The use of capture technologies will be familiar to many readers. What might be less well known is the speed and power of some of these solutions. High performance intelligent scanners today can process volumes of up to 730 A4 pages per minute and come with real-time, in-line intelligence that recognises different document types and extracts data early in the process to minimise errors downstream.
Importantly, business rules can be set to capture and validate field-level metadata, enabling a scanner to check whether an application form has a signature, for example, or whether exam scripts have the right number of pages in the correct order. Remedial action can be programmed in if they don’t. What’s more, this happens in real time as documents are in motion on the scanner.
The addition of AI-driven matching solutions, either integrated with the scanner or independent of it, enables the cross-referencing and matching of multiple incomplete or incorrect data fields against master database sources so that errors can be flagged and dealt with immediately. Partial metadata captures that are inaccurate can be pieced together and combined to correct and validate the information being processed before it is accepted into a business system.
A simple example would be the scanning of a dirty, torn envelope where part of the address is unreadable. By assessing all the fields and the text and cross-referencing this extraction in a master database, which might hold millions of customer records, the AI solution can bring partial ‘reads’ together to get a qualified and accurate result within milliseconds.
Help from the crowd
A fourth way to achieve clean data is to use scalable, automated crowd sourcing to do what’s called triple data entry. This pretty much guarantees data accuracy and is ideal for a range of applications like forms and loans processing, prescription management, mail room and customer on-boarding.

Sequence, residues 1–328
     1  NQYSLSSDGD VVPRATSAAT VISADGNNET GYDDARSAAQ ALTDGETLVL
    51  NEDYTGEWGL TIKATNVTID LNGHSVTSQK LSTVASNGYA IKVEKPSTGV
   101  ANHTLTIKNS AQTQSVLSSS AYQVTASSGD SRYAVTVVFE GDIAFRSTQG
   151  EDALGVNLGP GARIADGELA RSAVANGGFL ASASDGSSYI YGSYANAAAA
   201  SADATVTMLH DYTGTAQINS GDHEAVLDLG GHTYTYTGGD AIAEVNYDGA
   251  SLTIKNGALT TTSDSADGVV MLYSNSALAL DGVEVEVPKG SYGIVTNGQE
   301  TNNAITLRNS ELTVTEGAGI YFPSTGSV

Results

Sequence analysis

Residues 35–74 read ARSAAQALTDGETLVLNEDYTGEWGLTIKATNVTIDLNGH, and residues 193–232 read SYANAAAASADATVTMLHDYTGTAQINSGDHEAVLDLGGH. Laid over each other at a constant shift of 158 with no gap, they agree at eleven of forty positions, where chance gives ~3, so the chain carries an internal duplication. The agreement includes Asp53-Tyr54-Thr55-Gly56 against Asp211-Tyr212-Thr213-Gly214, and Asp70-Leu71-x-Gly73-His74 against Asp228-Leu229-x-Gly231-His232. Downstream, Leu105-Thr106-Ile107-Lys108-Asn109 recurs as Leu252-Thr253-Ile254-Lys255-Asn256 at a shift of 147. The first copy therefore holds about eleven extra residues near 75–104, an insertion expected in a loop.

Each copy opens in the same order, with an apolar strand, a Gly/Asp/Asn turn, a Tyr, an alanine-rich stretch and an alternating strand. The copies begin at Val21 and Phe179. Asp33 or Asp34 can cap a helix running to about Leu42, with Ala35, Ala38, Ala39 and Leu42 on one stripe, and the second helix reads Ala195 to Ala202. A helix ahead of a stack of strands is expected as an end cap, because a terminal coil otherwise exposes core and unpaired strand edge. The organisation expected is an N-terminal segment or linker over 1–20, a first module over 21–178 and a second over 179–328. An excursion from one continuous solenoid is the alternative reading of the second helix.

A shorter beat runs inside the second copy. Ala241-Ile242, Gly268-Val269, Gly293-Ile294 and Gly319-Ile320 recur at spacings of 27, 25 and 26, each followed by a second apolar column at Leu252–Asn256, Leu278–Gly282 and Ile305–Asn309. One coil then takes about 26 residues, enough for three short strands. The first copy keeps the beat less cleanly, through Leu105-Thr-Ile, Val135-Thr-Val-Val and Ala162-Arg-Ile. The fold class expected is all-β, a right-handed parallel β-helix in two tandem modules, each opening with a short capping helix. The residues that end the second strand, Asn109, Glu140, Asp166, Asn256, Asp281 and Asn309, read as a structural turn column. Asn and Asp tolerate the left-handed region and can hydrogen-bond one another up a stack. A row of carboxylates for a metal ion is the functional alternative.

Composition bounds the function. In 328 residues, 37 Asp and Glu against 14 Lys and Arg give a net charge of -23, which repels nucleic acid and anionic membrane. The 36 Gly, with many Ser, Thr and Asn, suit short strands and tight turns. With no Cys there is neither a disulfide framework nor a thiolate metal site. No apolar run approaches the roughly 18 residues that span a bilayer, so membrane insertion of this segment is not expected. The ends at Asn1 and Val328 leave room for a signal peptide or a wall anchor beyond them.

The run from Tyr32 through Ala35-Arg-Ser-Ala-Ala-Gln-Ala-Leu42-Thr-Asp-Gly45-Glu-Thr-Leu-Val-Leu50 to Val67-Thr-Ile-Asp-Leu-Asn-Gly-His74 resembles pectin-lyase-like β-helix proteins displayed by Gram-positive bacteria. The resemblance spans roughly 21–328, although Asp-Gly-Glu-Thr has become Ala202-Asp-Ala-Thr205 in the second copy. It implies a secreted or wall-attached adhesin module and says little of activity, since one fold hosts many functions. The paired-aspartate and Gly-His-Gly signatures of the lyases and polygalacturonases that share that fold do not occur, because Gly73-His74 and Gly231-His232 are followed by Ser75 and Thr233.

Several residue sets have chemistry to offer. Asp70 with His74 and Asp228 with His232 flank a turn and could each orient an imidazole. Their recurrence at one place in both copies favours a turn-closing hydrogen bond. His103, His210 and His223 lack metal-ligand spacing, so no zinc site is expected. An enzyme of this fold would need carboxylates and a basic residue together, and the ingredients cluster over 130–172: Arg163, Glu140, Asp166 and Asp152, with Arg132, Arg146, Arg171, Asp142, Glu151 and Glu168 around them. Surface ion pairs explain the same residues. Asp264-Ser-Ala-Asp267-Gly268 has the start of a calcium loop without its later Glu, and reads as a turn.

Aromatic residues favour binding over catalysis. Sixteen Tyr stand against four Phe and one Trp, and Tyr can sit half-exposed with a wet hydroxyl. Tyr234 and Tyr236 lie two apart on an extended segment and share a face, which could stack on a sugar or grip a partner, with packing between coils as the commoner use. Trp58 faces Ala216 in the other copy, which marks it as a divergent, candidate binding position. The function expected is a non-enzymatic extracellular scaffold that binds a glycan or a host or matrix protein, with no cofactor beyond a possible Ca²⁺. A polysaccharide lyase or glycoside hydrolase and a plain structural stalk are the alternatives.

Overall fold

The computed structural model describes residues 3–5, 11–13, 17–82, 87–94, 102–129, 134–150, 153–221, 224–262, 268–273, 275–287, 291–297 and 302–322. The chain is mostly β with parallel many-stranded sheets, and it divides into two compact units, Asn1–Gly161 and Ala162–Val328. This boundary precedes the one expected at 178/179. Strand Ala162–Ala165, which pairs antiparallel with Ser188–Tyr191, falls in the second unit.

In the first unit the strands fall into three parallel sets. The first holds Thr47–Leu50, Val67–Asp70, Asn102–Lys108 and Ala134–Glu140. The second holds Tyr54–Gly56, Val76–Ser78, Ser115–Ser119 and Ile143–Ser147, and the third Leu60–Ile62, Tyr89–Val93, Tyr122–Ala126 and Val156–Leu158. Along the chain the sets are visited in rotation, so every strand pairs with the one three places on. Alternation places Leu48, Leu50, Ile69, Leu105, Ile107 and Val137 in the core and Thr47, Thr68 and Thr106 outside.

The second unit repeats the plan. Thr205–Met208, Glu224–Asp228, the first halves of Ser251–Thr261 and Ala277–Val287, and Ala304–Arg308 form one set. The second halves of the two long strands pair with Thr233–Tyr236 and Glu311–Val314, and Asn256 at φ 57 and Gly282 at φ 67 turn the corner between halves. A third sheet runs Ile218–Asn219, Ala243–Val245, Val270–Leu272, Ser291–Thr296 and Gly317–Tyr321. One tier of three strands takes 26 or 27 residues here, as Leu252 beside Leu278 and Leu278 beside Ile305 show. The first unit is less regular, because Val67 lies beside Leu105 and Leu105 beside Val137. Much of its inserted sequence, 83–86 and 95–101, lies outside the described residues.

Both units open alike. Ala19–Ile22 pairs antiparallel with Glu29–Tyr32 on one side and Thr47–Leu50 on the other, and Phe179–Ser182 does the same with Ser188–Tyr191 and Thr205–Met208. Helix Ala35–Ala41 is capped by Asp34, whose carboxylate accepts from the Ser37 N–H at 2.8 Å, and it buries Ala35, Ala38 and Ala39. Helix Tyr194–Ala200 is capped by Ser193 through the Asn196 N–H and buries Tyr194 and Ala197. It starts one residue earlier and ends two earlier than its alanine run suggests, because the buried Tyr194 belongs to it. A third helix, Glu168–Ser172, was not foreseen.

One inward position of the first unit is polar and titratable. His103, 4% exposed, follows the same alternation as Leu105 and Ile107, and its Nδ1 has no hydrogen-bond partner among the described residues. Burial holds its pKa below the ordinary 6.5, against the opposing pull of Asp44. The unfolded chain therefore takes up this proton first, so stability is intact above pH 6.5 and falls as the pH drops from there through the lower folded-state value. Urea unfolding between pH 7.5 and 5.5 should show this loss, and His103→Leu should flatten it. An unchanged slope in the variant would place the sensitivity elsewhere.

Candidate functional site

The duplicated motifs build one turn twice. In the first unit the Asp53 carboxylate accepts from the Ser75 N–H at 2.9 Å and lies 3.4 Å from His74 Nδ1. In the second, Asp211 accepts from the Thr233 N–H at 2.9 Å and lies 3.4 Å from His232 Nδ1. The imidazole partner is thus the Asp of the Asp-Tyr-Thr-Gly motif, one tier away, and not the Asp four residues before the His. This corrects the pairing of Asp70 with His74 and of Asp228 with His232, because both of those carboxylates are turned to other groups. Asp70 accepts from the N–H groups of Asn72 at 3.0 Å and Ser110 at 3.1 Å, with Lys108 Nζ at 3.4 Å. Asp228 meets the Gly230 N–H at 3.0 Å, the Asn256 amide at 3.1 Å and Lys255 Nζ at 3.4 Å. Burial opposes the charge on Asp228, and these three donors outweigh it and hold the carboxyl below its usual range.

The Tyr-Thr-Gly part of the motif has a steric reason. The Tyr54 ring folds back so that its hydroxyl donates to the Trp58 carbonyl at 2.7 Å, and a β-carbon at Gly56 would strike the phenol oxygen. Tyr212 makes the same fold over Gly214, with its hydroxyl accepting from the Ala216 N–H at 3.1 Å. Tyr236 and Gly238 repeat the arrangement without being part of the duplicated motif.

Crowd sourcing pushes snippets of the same information to online data entry clerks based globally who are connected to a management platform via the Internet. Two people check the same snippets of unmatched or poor quality data from an image before entering it into a system. If there’s a mismatch between what the two individuals input, it goes to a third person for exception handling. This is how 100% accuracy rates are achieved.
Crowd sourcing data checking is ideal where intelligent word or character recognition technologies (ICR and IWR) struggle to recognise handwriting in a field and more validation is required. Working with a specialist crowd sourcing partner that pays data entry operators by key or entry stroke costs a fraction of what it would to employ your own staff when salaries, pensions, office space, desktops etc. are taken into account.
Data’s exponential growth has created opportunities to leverage it in new ways for better business outcomes. Crowd sourcing is a relatively new area in the information and document management industry. This kind of data validation approach is cost effective, fast, secure and works reliably. Your mission, should you choose to accept it, is to give it a go.
1. Impossible Missions Force
2. IDC,Worldwide Global DataSphere Forecast, 2020–2024: The COVID-19 Data Bump and the Future of Data Growth
3. Gartner, The State of Sales Operations, 2020